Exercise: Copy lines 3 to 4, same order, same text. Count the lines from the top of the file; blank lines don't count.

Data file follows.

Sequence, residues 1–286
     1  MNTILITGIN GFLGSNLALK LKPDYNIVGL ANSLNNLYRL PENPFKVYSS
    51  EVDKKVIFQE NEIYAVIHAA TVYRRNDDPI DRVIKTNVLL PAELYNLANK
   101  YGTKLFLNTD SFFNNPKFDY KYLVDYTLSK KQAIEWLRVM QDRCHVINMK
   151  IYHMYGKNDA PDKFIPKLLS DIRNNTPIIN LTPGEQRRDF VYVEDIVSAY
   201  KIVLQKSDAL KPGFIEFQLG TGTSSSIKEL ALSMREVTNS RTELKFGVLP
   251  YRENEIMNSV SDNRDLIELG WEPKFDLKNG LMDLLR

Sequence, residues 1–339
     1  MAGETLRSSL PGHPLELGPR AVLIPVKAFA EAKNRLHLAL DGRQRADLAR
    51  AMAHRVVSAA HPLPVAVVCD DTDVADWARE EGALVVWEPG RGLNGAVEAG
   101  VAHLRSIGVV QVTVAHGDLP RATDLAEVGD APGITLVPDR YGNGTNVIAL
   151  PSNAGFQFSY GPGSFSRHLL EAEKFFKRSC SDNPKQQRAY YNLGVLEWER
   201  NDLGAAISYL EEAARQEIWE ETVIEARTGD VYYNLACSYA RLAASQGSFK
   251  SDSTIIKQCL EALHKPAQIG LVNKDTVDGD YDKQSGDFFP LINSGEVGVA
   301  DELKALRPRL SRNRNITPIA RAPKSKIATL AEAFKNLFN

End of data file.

    51  EVDKKVIFQE NEIYAVIHAA TVYRRNDDPI DRVIKTNVLL PAELYNLANK
   101  YGTKLFLNTD SFFNNPKFDY KYLVDYTLSK KQAIEWLRVM QDRCHVINMK